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LANGSTON v. U.S.

June 27, 2000

BEVERLY LANGSTON, PLAINTIFF,
V.
UNITED STATES OF AMERICA, DEFENDANT.



The opinion of the court was delivered by: Anita B. Brody, District Judge.

MEMORANDUM

Beverly Langston ("Langston") brings this motion pursuant to 28 U.S.C. § 2255 to vacate, set aside, or correct her sentence. For the following reasons, I will deny Langston's motion.

I. Background

On May 28, 1997, Langston was indicted by a federal grand jury on charges of conspiracy to distribute and possession with intent to distribute cocaine base in violation of 21 U.S.C. § 846 and distribution of cocaine base in violation of 21 U.S.C. § 841 (a)(1) and 18 U.S.C. § 2. On June 12, 1997, Langston entered a plea of not guilty to the counts in which she was charged. On July 31, 1997, Magistrate Judge Smith ordered that Langston's conditions of bail include drug counseling and/or treatment.

On September 10, 1997, the government filed a motion for a psychiatric examination of Langston. On September 12, 1997, Judge Gawthrop ordered that Langston undergo a prompt psychiatric examination to determine if she was competent to understand the nature and consequences of the proceedings against her and to assist in her defense. On the same day, Judge Gawthrop severed Langston's case from her co-defendants' cases. On September 25, 1997, pursuant to the Court's order that Langston undergo a competency examination, Russell E. Phillips, M.D., conducted a psychiatric evaluation of Langston. In an October 2, 1997 report, Dr. Phillips opined that "Ms. Langston is competent to stand trial. She understands the charges against her, understands the consequences of conviction on these charges, and is capable of assisting her attorney in her own defense."

On February 10, 1998, the government requested a second psychiatric examination of Langston and on February 11, 1998, Judge Gawthrop ordered a second examination. Pursuant to the Court's order, on February 13, 1998, John S. O'Brien II, M.D., J.D., completed a psychiatric and substance abuse evaluation of Langston. In a February 16, 1998 report, Dr. O'Brien, concluded that Langston "is able to understand the nature and object of the proceedings against her and to participate and assist in her own defense. It is therefore my opinion that she is currently competent to stand trial."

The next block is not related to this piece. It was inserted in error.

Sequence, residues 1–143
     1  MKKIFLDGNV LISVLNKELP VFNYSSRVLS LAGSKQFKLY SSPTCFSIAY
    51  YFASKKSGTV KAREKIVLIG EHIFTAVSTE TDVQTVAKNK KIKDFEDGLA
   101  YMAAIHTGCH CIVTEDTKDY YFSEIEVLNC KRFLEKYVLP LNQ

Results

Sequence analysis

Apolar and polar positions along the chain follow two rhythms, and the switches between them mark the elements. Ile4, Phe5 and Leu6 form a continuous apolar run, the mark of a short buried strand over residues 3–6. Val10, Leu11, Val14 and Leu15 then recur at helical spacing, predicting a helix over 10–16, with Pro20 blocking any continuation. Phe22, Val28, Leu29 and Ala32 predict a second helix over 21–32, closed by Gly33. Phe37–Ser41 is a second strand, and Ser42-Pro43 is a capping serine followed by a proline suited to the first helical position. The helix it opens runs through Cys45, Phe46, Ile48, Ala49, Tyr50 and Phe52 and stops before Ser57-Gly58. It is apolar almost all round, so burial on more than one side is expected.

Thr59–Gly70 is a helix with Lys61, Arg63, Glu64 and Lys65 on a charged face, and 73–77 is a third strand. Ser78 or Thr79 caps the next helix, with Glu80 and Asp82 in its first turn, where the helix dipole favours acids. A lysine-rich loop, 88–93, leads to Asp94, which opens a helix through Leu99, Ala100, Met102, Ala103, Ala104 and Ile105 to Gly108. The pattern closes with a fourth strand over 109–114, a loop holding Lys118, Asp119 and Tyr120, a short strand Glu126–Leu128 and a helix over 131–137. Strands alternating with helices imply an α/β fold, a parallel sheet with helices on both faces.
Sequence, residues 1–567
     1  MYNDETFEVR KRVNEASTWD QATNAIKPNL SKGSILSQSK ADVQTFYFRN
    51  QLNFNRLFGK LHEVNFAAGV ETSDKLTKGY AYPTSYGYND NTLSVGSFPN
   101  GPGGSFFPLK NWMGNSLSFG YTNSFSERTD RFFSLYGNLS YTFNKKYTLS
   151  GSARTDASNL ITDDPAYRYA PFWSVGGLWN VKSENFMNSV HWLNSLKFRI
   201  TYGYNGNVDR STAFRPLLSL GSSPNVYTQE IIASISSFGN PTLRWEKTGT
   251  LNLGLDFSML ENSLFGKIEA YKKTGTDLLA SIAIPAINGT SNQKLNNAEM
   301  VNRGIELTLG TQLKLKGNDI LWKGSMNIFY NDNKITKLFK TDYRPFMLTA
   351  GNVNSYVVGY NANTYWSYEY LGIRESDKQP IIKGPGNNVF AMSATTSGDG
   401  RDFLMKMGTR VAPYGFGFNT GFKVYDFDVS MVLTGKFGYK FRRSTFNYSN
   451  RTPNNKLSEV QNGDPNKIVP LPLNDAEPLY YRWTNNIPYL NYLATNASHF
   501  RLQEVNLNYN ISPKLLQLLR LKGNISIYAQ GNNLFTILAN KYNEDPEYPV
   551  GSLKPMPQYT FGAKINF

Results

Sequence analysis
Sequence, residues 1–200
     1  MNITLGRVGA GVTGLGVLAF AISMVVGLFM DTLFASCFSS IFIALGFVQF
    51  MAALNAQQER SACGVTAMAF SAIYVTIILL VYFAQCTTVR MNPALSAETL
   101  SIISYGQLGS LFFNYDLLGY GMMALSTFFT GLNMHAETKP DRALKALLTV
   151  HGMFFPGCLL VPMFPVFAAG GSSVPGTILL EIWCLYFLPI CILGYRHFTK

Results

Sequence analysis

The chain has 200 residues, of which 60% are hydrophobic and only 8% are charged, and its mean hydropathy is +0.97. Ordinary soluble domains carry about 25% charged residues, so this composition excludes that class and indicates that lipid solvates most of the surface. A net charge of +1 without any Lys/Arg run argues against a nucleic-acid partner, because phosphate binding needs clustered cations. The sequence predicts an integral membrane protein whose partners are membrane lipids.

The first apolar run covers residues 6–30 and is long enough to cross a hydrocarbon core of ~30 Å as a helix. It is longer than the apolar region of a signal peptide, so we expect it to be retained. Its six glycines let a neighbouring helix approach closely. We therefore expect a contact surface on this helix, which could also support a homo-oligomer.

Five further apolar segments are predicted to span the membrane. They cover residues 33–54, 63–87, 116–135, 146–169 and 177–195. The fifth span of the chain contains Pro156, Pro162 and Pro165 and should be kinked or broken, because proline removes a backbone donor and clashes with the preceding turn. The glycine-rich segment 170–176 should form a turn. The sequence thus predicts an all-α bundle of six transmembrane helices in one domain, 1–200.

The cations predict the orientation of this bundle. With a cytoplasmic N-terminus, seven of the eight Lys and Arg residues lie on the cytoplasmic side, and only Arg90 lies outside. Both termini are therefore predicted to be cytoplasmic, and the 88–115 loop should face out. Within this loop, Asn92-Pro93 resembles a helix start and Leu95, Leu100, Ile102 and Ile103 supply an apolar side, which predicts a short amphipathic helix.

Prior to jury selection, the government's counsel noted on the record that Langston was found competent after a psychiatric evaluation. Additionally, government's counsel confirmed that Troiani believed her client was prepared to proceed, Troiani was able to consult with Langston and Langston was able to assist in her own defense. See Tr. Feb. 18, 1998 at 3.

On February 23, 1998, a jury found Langston guilty on both counts (conspiracy to distribute and possession with intent to distribute cocaine base in violation of 21 U.S.C. § 846 and distribution of cocaine base in violation of 21 U.S.C. § 841(a)(1) and 18 U.S.C. § 2). On May 21, 1998, Langston was sentenced by Judge Gawthrop to 100 months imprisonment, five years of supervised release, and a special assessment of $200.00. On June 1, 1998, Langston filed a notice of appeal. On January 11, 1999, the Third Circuit affirmed the judgment of the district court. On March 8, 1999, Langston filed a pro se motion for a new trial pursuant to Federal Rule of Criminal Procedure 33. After the untimely death of Judge Gawthrop, this case was reassigned to my docket. On November 16, 1999, I appointed counsel to represent Langston.

On February 25, 2000, I held oral argument on Langston's motion for a new trial with appointed counsel for Langston and counsel for the government present. At oral argument the parties agreed, on the record, that Langston's pro se motion for a new trial would be considered a § 2255 motion to vacate, set aside, or correct her sentence. See Tr. at 3. Langston's counsel argued that Langston's prior counsel was ineffective as she did not request a full competency hearing before trial and Langston was denied due process because of this failure to conduct a pre-trial competency hearing. See Tr. at 4-6. Langston's counsel argued only the issue regarding Langston's competency and left the court to evaluate Langston's additional claims, raised in her pro se motion for a new trial, on the papers filed by Langston and the government. See Tr. at 4. On April 10, 2000, I ordered the parties to submit additional briefing.

II. Standard

Section 2255 allows federal courts to vacate, set aside or correct a sentence of a prisoner:

in custody under sentence of a court established by Act of Congress claiming the right to be released upon the ground that the sentence was imposed in violation of the Constitution or laws of the United States, or that the court was without jurisdiction to impose such sentence, or that the sentence was in excess of the maximum authorized by law, or is otherwise subject to collateral attack . . .

28 U.S.C. § 2255.

III. Discussion


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